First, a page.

After Mrs. Crawford relayed the phone message back to Wabe, the helpful Tico – whose taxi was recently stolen – had to borrow money from his mother and take a taxi to search for the errant youth. Wabe eventually found Cody shirtless, filthy and famished in the district of Cipreses, east of San= Jos=E9.=20
    By the time the Judicial Investigative Police (OIJ) issued a missing-persons report for Cody last Friday, he was already back with his mother and 14-year-old sister Ashley, who arrived in Costa Rica May 29.=20
    Cody said he had asked Wabe not to inform anyone here about his whereabouts, out of fear that he would be returned to Dundee Ranch. Wabe, who had been following Dundee’s problems in the local press, agreed, despite his family’s concerns that they would get in trouble with authorities.=20
    “My mother thought I was going to get in trouble with the police, but I wasn’t scared because I knew from news reports that they were going to close Dundee, and Cody’s mother had granted me the power to take care of her child; she had sent me a copy of his passport and birth certificate,” Wabe told The Tico Times this week.=20
    In a letter to Wabe and his family, Mrs. Crawford wrote: “Thank you for finding my lost son and taking him into your home and safety. You became like a father to him, watching and protective. Costa Ricans like you show how great this wonderful country is.”=20 “I would have gotten him a cooler card,” joked Cody, who is razzed by his sister for acting like Huckleberry Finn.=20
    Although the wandering youth was in good spirits this week, he was admittedly shaken by the events of the last 10 days.=20
    “When I went to Dundee, I was promised that nothing else would happen to me,” he said, referring to the safe environment the academy advertised. “Now the biggest thing in my life just happened, with the rioting and staff beating kids. It is so crazy what has happened to me, it doesn’t seem real. This was a big thing for me.”=20
    As Cody and the other 200 students removed from Dundee struggled to understand the events of the last couple of weeks, Mrs. Crawford met with Prosecutor Marielos Alfaro Wednesday and filed two criminal complaints against Dundee owner Narvin Lichfield and four former staff members, alleging abuse, computer theft and misrepresentation of the services Dundee offered troubled teens. At the request of the prosecutor, Cody met Wednesday with a forensic psychiatrist and is scheduled to testify next week before a judge. Mrs. Crawford said a former Dundee staff member – Cody’s favorite at the academy – was also at the prosecutor’s office offering declarations Wednesday.=20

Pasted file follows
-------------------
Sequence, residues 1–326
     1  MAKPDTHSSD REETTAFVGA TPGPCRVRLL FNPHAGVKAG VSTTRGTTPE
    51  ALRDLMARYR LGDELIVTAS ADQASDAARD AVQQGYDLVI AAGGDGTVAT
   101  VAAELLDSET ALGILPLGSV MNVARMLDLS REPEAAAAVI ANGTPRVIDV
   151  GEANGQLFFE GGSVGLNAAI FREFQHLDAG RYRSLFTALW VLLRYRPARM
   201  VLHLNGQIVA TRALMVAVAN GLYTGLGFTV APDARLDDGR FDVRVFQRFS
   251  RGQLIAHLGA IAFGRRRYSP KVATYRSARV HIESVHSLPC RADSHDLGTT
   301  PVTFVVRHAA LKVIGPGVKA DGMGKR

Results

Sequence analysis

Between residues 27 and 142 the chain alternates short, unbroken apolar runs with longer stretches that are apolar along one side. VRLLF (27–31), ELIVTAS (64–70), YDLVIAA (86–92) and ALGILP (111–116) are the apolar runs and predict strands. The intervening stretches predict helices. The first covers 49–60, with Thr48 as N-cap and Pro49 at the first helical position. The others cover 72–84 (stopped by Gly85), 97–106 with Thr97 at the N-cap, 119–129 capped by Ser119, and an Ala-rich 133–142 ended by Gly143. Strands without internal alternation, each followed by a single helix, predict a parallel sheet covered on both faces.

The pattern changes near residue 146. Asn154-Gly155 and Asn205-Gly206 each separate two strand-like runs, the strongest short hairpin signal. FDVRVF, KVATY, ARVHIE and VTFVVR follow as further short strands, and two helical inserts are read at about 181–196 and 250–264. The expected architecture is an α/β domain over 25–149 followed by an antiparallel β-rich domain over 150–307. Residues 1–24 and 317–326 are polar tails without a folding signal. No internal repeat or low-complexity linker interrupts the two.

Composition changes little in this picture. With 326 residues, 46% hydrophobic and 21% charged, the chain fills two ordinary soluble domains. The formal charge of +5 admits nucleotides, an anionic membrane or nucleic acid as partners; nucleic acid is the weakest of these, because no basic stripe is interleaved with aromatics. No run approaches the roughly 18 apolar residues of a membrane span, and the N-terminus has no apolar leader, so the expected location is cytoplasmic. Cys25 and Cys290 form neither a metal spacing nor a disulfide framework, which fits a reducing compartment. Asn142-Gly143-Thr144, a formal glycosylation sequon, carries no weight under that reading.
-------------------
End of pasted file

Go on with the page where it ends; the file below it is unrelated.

Alfaro told The Tico Times this week that she now has depositions from two former students, and is waiting for others to return to Costa Rica to offer testimony.=20
    Meanwhile, an underground parents’ network opposed to Dundee Ranch’s “tough-love” tactics – including the reported use of physical restraints and solitary confinement and the alleged drugging of students – has raised funds to bring six former students back to Costa Rica to testify against Lichfield. The group reportedly is meeting with a large California law firm to study the possibility of filing a class-action lawsuit against the WorldWide Association of Specialty Programs (WWASP) – the behavior modification umbrella under which Dundee Ranch operated.=20
    Lichfield, who was jailed May 25 for 24 hours on allegations of coercion, rights abuse, and detaining children against their will, said this week that the “skeleton staff” remaining at Dundee is working to repair damage caused by vandalism during the riot and recreate the students’ transcripts. He hopes the academy will be able to reopen in two months, after making the changes it needs to get legal.=20
    “It has just been a nightmare,” he told The Tico Times this week.=20
    Lichfield and his Costa Rican wife Flory Alvarado are prohibited from leaving the country for the next six months while the prosecutor investigates and decides whether or not to file charges.=20

  7. Justin Tigrett October 7, 2014 at 1:48 am #

    I know how you feel my name is Justin Tigrett I was in that hell hole Tranquility Bay from May of 2004 til my 18th Birthday of November 2005. It has been 8 and 11 months since I left which was the happiest day of my let behold I am still suffering each and when I sleep at night. The terrors and shake are still haunting me. Even today another sleepless night. For some reason tonight I looked up the place that haunts me and I saw this sight for us survivors not just for tranquility bay but all the wwasp programs it hurts to know that they are still open can’t tell you how many times I tried to end my life early before I left the memories of Ms Carmen and Mr Gooden ,the albino Jamaican , all the male staff. Honestly I don’t know what to say really but at least there are some ppl that are willing to speak up against them and share their experiences I wish I had that courage.